But it’s not her brains that get her into trouble. It’s that killer body. And the effect it may have on body image and, consequently, self-esteem, eating habits and weight. Lamm, along with his portrait of the real Barbie, cites research that he says shows “Barbie may lead to heightened body dissatisfaction among young girls and unhealthy eating behaviours.” This is serious stuff when you consider the statistics. Sixty-eight percent of 15 year old girls report being “on a diet”, 15% of women experience an eating disorder at some stage of their life and only 22% of women in the normal weight range feel satisfied with their body.
My daughter seems quite adept at distinguishing pretend from real ...
But Barbie is just part of the body image puzzle. The thin and beautiful message is everywhere. A closer look at the research Lamm cites also reveals several limitations. The study tested immediate short term effects on body image only. The researchers found that exposure to a Barbie doll had no effect on body image for girls aged 7 and 8 years but, surprisingly, exposure to an “Emme doll” (a full-figured doll whose body shape represents an Australian size 18) caused a significant desire to be thinner. The researchers themselves noted several limitations including the need to further examine the impact of levels of body satisfaction prior to exposure to Barbie dolls.
So what can we do, as parents, to encourage our children to develop a healthy body image? Manning says that it is okay for Barbie, a popular and useful toy for imaginary play, to remain on toy shelves. Instead, we should look at ourselves. She says, “we are sometimes surprised by how much our children mimic and copy us: our language, our self-talk and our actions. Even if we say something once, we can often hear our children repeating this in their play.” She also says we should place more emphasis on how our children’s bodies work rather than how they look; images in the media “often aren’t about how amazing their bodies are for being strong and running fast.” If we have negative feelings about our own body, Manning says we should try to stay silent on this in front of our children. “Don’t look in the mirror too much with a frown on your face, don’t tut-tut yourself as you squeeze a centimetre of excess flesh, be mindful. Say positive things about how you look.” To encourage talk with our children about body image, Manning says going for a walk or bike ride is ideal. Not only is it a direct way to boost mood and health but it may encourage children to talk. “Children are more apt to chat to you about their thoughts and feelings if you are doing an activity rather than sitting down to talk.”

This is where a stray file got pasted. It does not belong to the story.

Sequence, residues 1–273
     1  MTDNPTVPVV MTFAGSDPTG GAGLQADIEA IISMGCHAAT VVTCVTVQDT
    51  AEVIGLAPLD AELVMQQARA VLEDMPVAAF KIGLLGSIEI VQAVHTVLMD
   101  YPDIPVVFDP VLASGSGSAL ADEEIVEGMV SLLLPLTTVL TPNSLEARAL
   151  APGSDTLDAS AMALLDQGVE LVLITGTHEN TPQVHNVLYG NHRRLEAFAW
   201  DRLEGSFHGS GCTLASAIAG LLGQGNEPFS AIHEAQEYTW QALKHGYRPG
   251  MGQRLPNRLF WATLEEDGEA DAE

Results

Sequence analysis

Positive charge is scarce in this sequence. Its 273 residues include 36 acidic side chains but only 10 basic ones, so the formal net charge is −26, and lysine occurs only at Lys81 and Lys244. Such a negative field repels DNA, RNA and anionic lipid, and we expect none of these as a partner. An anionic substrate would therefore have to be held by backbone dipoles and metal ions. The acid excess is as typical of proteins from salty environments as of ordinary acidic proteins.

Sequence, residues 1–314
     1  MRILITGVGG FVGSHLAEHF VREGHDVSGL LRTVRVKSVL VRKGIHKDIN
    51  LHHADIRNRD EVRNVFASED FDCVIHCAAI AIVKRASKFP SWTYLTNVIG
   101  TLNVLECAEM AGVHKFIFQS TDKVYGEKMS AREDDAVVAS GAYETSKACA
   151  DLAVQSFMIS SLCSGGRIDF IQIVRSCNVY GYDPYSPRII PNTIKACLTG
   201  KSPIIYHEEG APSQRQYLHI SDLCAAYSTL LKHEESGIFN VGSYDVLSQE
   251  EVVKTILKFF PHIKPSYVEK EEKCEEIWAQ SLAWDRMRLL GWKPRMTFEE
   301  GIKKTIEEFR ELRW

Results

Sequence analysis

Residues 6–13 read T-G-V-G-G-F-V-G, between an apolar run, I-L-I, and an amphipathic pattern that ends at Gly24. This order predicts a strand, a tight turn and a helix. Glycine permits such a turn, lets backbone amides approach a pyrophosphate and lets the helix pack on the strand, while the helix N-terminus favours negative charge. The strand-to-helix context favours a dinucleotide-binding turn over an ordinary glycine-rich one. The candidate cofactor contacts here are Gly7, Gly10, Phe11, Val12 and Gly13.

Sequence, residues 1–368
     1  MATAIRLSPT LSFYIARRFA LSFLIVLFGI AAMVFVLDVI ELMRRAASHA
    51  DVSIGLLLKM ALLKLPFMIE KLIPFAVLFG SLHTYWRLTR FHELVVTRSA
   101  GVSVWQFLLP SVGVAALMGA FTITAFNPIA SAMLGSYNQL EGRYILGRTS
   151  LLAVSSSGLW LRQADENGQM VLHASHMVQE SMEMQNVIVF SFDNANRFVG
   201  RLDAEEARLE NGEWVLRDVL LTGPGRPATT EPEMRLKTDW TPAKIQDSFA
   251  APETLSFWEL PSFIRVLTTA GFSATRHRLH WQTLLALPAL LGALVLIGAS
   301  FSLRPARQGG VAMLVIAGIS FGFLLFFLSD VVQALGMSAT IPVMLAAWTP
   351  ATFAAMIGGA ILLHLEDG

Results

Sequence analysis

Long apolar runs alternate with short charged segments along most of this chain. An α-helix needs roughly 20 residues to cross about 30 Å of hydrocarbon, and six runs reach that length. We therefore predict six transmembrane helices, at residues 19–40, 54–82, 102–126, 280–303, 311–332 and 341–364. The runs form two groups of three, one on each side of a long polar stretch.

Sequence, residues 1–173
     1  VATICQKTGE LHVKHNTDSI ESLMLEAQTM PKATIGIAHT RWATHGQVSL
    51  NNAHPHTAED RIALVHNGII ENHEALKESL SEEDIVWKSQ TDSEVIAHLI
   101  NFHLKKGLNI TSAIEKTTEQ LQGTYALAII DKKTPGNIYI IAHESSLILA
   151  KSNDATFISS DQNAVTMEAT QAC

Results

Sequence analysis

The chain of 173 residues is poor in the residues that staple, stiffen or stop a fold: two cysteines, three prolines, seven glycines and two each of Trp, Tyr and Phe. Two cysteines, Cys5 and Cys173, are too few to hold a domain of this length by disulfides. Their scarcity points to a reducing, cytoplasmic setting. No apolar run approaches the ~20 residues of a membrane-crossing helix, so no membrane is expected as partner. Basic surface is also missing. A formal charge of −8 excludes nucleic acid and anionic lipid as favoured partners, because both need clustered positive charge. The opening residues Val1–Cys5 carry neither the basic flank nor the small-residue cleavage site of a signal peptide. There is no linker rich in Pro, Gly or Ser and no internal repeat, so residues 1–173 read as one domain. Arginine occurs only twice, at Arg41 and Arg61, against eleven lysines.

Despite the indications that Barbie is only a tiny piece of a complex problem, my daughter’s army of “girls” continued to trouble me. I couldn’t stop thinking about a comment from model Cindy Jackson that was mentioned in the research cited by Lamm: “I looked at a Barbie doll at age six and said, ‘This is what I want to look like’”. So, to put the matter to rest, I decided to conduct my own little social experiment. As Miss 3 was happily playing with her “girls”, I casually asked her who she wanted to look like when she grew up. Her answer floored me. “I want to look like Daddy when I grow up,” she said with a huge grin. Daddy, a 40-something male with olive skin and black curly hair, is Barbie’s antithesis. So while my Barbie-induced body image fears have been allayed for now, her answer may have raised more questions than it answers. I guess that’s what happens when you conduct a social experiment with a three year old.